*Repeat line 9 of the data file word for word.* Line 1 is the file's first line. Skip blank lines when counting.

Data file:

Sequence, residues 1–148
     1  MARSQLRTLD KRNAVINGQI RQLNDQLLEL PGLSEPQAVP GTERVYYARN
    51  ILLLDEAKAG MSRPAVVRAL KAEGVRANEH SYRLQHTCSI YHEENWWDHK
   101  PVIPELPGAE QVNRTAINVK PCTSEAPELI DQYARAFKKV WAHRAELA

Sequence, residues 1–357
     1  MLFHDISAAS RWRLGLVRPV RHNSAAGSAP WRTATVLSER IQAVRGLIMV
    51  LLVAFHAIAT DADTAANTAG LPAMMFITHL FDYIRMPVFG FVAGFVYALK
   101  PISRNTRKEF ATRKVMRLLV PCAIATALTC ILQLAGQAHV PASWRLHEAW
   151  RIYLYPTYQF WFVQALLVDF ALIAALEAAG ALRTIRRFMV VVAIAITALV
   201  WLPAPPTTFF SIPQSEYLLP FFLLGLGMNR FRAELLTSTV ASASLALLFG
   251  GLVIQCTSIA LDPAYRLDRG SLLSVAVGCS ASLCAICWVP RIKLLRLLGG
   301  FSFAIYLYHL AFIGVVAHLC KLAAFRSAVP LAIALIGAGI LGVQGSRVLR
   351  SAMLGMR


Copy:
   151  RIYLYPTYQF WFVQALLVDF ALIAALEAAG ALRTIRRFMV VVAIAITALV